“I’m telling you the truth. See how dusty this doll is? Now, look at the ones on the table. Not a bit of dust. I would never neglect my treasures so.”
“Stop  stalling. I’ll smash every doll you own if I have to.”
Vera saw the rage in Marsha’s eyes. The same rage poor Mrs. Stanhope must have seen before she died. Feeling trapped, she glanced over at the door, wondering if she could make it there before Marsha caught her, her heart leaped, seeing it suddenly open. Johnny stood there, gun in hand, and she knew her nightmare was over.
In a matter of moments, the killer was in handcuffs and Johnny was explaining. “When you mentioned the doll on the phone, I called the pawnshop to confirm it was actually Mrs. Stanhope’s and he told me about the phone call from the, so called, niece. Thank God I got here in time.”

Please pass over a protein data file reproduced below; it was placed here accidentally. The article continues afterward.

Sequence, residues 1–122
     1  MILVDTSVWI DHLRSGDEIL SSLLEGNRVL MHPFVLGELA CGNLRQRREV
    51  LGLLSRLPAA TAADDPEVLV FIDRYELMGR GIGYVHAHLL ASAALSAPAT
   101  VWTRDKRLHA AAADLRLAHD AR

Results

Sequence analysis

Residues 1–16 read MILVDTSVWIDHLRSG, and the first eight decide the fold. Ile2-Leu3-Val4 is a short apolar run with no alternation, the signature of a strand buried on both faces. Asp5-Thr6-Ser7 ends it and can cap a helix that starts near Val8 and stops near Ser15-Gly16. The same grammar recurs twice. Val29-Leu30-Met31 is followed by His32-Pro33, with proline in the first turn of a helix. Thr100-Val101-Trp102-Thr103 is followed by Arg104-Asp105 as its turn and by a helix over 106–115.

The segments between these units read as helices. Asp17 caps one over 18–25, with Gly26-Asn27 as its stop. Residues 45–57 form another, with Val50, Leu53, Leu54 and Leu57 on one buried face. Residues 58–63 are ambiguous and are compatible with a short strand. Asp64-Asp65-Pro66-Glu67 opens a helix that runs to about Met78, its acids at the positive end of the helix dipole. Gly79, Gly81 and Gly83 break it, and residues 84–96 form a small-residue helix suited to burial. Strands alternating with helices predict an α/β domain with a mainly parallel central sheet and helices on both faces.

When Vera was finally alone with her new treasure, its head re-attached to the body, Vera stared lovingly into the vivid blue glass eyes and her own eyes widened in surprise. “You must have been Mrs. Stanhope’s favorite doll,: she murmured. “For she bestowed upon you priceless sapphire eyes.”

My first Thriller

 Borrowed Trouble
Chapter One

Spring, 2001 North Carolina Mountains.
 The wolves were restless, pacing back and forth the length of their enclosure, sensitive to the anxiety emanating from every pore of her body. She tried soothing them with her voice, but only Chowa responded, padding over to sniff at the hand pressed against the cold metal of the chain link fence. “It’s all right, boy, I won’t let them hurt you. I won’t let them take you from me.”
As if reassured, Chowa returned to the others and she resumed her vigil. It was dark  now, the men would return soon.  She couldn’t bear waiting much longer. Her legs were stiff, her hands cold, and her fingers ached from holding the rifle so tight.